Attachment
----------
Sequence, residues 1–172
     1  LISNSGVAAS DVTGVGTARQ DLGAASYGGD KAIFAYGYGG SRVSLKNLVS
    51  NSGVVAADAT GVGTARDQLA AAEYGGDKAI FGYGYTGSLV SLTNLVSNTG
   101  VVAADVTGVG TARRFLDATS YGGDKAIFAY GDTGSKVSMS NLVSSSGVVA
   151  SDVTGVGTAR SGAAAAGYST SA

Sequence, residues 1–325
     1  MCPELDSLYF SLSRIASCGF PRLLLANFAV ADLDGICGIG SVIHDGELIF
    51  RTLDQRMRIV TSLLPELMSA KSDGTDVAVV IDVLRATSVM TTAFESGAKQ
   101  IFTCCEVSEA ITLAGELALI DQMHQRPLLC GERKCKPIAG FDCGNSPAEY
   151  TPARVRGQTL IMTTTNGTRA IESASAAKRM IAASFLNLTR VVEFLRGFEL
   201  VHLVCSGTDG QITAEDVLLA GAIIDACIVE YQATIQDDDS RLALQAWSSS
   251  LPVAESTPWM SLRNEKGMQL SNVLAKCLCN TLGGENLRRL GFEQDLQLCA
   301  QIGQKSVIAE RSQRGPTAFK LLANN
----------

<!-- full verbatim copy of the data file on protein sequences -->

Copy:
Sequence, residues 1–172
     1  LISNSGVAAS DVTGVGTARQ DLGAASYGGD KAIFAYGYGG SRVSLKNLVS
    51  NSGVVAADAT GVGTARDQLA AAEYGGDKAI FGYGYTGSLV SLTNLVSNTG
   101  VVAADVTGVG TARRFLDATS YGGDKAIFAY GDTGSKVSMS NLVSSSGVVA
   151  SDVTGVGTAR SGAAAAGYST SA

Sequence, residues 1–325
     1  MCPELDSLYF SLSRIASCGF PRLLLANFAV ADLDGICGIG SVIHDGELIF
    51  RTLDQRMRIV TSLLPELMSA KSDGTDVAVV IDVLRATSVM TTAFESGAKQ
   101  IFTCCEVSEA ITLAGELALI DQMHQRPLLC GERKCKPIAG FDCGNSPAEY
   151  TPARVRGQTL IMTTTNGTRA IESASAAKRM IAASFLNLTR VVEFLRGFEL
   201  VHLVCSGTDG QITAEDVLLA GAIIDACIVE YQATIQDDDS RLALQAWSSS
   251  LPVAESTPWM SLRNEKGMQL SNVLAKCLCN TLGGENLRRL GFEQDLQLCA
   301  QIGQKSVIAE RSQRGPTAFK LLANN